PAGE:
First period continued working with “Flowers for Algernon,” focusing on inferring and increasing textual comprehension through informational texts. We read about Charlie taking the Roarschach test and took the test ourselves, using an informational text to help understand the test and our responses.
Second and fourth periods began the day with some more work with sentence types:
They also met Miss Havisham, one of the most famous characters in all literature.
Whether I should have made out this object so soon, if there had been no fine lady sitting at it, I cannot say. In an arm-chair, with an elbow resting on the table and her head leaning on that hand, sat the strangest lady I have ever seen, or shall ever see.
She was dressed in rich materials – satins, and lace, and silks – all of white. Her shoes were white. And she had a long white veil dependent from her hair, and she had bridal flowers in her hair, but her hair was white. Some bright jewels sparkled on her neck and on her hands, and some other jewels lay sparkling on the table. Dresses, less splendid than the dress she wore, and half-packed trunks, were scattered about. She had not quite finished dressing, for she had but one shoe on – the other was on the table near her hand – her veil was but half arranged, her watch and chain were not put on, and some lace for her bosom lay with those trinkets, and with her handkerchief, and gloves, and some flowers, and a prayer-book, all confusedly heaped about the looking-glass.
It was not in the first few moments that I saw all these things, though I saw more of them in the first moments than might be supposed. But, I saw that everything within my view which ought to be white, had been white long ago, and had lost its lustre, and was faded and yellow. I saw that the bride within the bridal dress had withered like the dress, and like the flowers, and had no brightness left but the brightness of her sunken eyes. I saw that the dress had been put upon the rounded figure of a young woman, and that the figure upon which it now hung loose, had shrunk to skin and bone. Once, I had been taken to see some ghastly waxwork at the Fair, representing I know not what impossible personage lying in state. Once, I had been taken to one of our old marsh churches to see a skeleton in the ashes of a rich dress, that had been dug out of a vault under the church pavement. Now, waxwork and skeleton seemed to have dark eyes that moved and looked at me. I should have cried out, if I could. (Source: Online version of Great Expectations)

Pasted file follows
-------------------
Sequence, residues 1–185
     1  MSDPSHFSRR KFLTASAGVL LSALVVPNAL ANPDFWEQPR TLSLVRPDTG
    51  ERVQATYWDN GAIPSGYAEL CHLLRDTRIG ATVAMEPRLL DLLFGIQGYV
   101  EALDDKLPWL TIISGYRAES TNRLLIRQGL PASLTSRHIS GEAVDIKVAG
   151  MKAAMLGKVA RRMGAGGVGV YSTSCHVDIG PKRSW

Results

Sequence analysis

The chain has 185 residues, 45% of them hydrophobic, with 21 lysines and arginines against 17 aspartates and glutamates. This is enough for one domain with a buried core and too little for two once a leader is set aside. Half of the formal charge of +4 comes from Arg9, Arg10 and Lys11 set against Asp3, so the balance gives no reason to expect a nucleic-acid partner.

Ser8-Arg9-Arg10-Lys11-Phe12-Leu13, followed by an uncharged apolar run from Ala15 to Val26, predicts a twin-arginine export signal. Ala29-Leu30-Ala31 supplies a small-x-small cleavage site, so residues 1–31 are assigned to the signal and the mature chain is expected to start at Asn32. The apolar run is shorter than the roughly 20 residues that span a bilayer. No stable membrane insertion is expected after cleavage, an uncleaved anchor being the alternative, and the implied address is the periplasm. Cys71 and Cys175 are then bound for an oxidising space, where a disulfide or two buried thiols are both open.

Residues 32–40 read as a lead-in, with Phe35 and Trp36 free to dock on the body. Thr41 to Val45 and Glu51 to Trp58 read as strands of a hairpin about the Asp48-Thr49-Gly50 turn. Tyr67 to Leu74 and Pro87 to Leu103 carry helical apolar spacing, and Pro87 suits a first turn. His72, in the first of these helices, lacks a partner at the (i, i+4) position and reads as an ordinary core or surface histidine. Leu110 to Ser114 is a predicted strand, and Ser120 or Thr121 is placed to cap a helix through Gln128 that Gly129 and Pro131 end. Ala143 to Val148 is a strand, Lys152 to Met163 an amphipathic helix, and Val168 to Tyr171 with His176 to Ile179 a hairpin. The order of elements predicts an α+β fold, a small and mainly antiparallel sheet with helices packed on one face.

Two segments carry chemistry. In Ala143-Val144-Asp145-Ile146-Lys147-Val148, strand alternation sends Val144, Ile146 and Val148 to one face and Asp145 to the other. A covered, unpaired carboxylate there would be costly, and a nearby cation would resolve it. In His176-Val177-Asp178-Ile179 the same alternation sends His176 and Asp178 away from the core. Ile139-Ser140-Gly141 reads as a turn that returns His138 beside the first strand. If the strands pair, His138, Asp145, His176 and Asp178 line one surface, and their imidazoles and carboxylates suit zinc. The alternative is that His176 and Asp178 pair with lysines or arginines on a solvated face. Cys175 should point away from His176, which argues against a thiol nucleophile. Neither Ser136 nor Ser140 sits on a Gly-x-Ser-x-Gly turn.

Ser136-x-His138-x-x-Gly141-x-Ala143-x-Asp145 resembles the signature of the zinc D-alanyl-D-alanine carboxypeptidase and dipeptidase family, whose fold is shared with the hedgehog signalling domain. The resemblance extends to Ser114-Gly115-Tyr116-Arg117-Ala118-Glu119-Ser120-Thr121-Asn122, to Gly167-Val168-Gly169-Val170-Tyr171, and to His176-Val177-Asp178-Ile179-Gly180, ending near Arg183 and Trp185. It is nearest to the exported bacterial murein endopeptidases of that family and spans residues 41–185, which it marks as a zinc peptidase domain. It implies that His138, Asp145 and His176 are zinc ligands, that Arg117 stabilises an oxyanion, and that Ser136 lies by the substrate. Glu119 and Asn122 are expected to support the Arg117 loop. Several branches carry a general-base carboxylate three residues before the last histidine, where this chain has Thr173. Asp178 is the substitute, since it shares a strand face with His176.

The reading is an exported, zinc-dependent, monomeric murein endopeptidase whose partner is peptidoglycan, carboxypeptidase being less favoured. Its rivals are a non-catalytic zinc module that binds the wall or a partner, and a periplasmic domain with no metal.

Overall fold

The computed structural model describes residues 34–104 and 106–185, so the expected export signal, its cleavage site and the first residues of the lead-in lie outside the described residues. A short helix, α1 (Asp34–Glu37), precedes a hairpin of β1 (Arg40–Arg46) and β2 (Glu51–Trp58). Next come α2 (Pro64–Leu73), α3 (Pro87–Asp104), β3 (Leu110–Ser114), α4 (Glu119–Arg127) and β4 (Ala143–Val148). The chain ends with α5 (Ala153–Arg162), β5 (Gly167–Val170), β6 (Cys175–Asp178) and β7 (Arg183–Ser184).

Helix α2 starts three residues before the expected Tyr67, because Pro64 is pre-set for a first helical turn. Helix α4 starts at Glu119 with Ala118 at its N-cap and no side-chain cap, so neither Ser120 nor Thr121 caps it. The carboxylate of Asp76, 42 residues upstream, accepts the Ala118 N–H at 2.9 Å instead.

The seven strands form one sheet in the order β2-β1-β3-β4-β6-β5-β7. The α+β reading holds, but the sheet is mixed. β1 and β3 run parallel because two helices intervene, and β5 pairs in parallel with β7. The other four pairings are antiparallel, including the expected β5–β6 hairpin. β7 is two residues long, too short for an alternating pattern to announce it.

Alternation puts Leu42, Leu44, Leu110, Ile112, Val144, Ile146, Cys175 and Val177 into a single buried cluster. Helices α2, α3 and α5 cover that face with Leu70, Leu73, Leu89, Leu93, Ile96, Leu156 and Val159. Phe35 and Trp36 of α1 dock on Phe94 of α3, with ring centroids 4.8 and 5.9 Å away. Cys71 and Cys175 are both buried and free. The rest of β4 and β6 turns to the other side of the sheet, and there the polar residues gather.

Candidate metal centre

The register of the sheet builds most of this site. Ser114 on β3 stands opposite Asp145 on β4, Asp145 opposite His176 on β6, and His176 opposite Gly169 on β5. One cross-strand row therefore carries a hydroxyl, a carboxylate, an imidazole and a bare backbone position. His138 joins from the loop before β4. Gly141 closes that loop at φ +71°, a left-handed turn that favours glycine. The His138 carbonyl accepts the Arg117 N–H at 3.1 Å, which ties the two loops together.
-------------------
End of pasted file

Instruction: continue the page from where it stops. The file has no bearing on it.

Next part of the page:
We paid careful attention to the description and made some inferences about Miss Havisham’s character based on her physical description.
Seventh period worked with the first drafts of their reports associated with the drama unit. Because most people chose not to complete the homework and future work depends on having a first draft (which was homework) completed, we spent the day doing what should have been done for homework, with students who decided not to do the homework receiving zeroes and students who did receiving some additional one-on-one work to prepare for the second draft.
- First period: read progress reports three and four (pages 311-313).
- Second and fourth periods: read chapters 8-10 in Great Expectations.
- Sixth period: finish reading chapter one of The Giver.
- Seventh period: complete the first draft of the report (begun in class).